BTW: I stumbled across a VERY interesting program on cable that did an experiment with Bronze Age weapons of the Greek period (somewhere around the period of Troy, I think). The penetrating power of the spear as used on a fresh pig carcass was impressive. On the other hand the bronze sword hacked a number of times and was unable to sever a limb and ultimately was rendered useless as it bent from the application. Thoughts? Comments? (You can probably tell I am listing a bit to thrusting over slashing despite my background in Korean sword. )




That's why iron weapons were developed. The gladius of the Iberians and Romans was iron. The falcata of the Iberians was iron. The spatha of the Celts and Romans was iron.

And to illustrate how good these comparatively early iron swords are, it should be noted that Ancient Iberian swords were noted for their stiff spring temper--they could be bent virtually in a semi-circle, and flex back perfectly straight. Author and historian Peter Connolly witnessed this done with a 2,000-year-old Celtic sword that was dredged from a lake.

And FWIW, I witnessed a similar demonstration with a late Frankish pattern-welded sword (a Viking-type sword). I cringed as I saw the owner bend the thing, but it passed the test.
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And the rapier blades, being so narrow and of so small substance, and made of a very hard temper to fight in private frays... do presently break and so become unprofitable. --Sir John Smythe, 1590

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#172251 - 08/06/05 01:08 PM Re: Realistic Sword? [Re: Armed_Man_Piker]
globetrotter Offline
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1.bronze age swords were very poor weapons, look at the thread about persian swords, the main weapon of the time was a spear.

2. I would suggest that a long sword or saber in a house defence situation would be unweildy, too long to use in the corners and staicases easiely.

3. in the 1990's we saw literaly hundreds of thousands of people killed with cheap iron machetes that were made for agricultural use. it could be argued that in all of alexanders wars, and possibly all of rome's wars not as many people were killed with the short iron sword as were killed with the machete in africa in the late 20th century. don't disregard the value of a machete.

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#172252 - 08/06/05 02:40 PM Re: Realistic Sword? [Re: Benjamin1986]
Charles Mahan Offline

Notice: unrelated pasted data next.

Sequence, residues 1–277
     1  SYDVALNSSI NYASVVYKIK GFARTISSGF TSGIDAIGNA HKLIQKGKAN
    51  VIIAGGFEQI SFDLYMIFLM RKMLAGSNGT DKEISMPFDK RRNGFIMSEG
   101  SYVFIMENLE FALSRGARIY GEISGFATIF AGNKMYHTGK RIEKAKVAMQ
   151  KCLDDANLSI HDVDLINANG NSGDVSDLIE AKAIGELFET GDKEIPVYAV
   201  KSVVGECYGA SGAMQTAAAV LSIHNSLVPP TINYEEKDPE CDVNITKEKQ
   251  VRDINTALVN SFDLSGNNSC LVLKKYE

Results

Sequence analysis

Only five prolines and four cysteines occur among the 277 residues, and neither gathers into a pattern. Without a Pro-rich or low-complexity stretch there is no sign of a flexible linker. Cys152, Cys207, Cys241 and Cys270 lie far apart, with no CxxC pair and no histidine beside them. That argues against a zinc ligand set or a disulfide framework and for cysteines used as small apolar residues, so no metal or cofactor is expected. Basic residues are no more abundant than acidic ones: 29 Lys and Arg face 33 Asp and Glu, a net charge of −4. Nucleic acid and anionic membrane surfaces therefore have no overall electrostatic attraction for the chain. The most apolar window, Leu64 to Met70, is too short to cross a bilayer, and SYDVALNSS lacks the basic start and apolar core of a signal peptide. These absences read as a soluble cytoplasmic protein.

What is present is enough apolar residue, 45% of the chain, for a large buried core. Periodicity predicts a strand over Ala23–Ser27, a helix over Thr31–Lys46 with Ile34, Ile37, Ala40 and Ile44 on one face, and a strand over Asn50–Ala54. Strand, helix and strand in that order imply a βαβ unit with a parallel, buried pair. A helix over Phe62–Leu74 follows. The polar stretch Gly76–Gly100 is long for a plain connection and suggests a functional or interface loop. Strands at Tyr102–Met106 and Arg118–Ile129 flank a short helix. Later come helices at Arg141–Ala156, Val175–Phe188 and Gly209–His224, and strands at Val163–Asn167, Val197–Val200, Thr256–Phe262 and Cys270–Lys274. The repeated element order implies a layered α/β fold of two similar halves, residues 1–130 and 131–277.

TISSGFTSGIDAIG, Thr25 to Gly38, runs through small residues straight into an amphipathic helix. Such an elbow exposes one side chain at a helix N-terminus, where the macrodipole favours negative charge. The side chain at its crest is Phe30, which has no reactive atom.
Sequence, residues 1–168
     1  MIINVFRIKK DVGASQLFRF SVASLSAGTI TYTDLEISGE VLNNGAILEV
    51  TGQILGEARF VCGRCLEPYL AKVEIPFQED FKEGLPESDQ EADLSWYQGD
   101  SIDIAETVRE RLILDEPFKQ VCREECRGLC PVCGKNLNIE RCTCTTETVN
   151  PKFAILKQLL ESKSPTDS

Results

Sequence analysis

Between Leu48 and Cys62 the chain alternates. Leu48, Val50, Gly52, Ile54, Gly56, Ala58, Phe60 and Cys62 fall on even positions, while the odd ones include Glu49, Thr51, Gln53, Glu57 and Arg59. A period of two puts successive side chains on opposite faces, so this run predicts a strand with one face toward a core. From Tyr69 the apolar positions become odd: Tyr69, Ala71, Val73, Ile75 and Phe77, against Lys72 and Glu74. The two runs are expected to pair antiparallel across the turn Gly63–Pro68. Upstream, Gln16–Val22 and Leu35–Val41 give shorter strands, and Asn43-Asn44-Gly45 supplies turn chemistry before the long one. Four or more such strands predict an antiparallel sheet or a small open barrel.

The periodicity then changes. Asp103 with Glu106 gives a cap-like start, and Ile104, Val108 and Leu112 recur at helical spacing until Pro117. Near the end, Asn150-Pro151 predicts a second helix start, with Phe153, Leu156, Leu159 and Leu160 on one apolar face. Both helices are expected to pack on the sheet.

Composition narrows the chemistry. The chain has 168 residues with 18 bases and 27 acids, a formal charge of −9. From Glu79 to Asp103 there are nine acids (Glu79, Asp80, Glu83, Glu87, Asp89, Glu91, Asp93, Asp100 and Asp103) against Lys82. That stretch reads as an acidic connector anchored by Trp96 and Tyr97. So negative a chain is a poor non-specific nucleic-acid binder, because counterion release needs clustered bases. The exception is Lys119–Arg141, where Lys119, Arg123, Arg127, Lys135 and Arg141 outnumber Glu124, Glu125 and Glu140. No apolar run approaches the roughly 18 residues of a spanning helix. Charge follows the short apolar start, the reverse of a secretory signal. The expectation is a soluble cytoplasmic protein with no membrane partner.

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Quote:

Again, thanks for the correction Charles (I've looked it up and the "greatest swordsman killed by a farmer" thing is actually a quote from Robert Jordan's Wheel of Time series. Quite a goof on my part).





That's quite alright. A fantastic series of books which draws heavily on military history as the inspiration for a great deal of the world building. That's pretty clearly a reference to the second duel between Miyamoto Musashi and Muso Gunosuke.

Of course it's not a series for those with short attention spans.
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#172253 - 08/07/05 04:42 PM Re: Realistic Sword? [Re: Armed_Man_Piker]
glad2bhere Offline
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".....And, while I don't intend on carrying a sword around any time soon, I was wondering, in your opinion, what type/make of sword would be the most practicle for use as a weapon in battle. I mean, not the strongest, or most appealing, but the most versatile, realistic sword design for actual fighting?..."

Dear AMP:

I re-posted the opening contribution to this thread in an effort to clarify my thought.

As I see it a machete, or a cleaver were originally intended to perform some job other than mayhem. Borrowing training from the use of actual swords whose function is originally to commit mayhem I can understand the someone might press a farm implement or kitchen utensil into service as a weapon. I can think of a number of items hanging in my garage right now that would even closely resemble true military items of years past, but these rakes, or such are not in and of themselves military weapons. Now, I don't know about the Phillipino Bolo, but it seems that we have no limit on the length or breadth of the item to choose. However, I think we need to decide whether we are talking about something that was originally manufactured as a weapon or an item that developed into a piece of weaponry through "customary use". Thoughts?

Best Wishes,

Bruce

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#172254 - 08/07/05 11:52 PM Re: Realistic Sword? [Re: glad2bhere]
globetrotter Offline
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a machete fits the framework of historical weapon design - if the technology had been available through out history to manufacture machetes, for 99.9% of human history they would have been the best weapon on the field.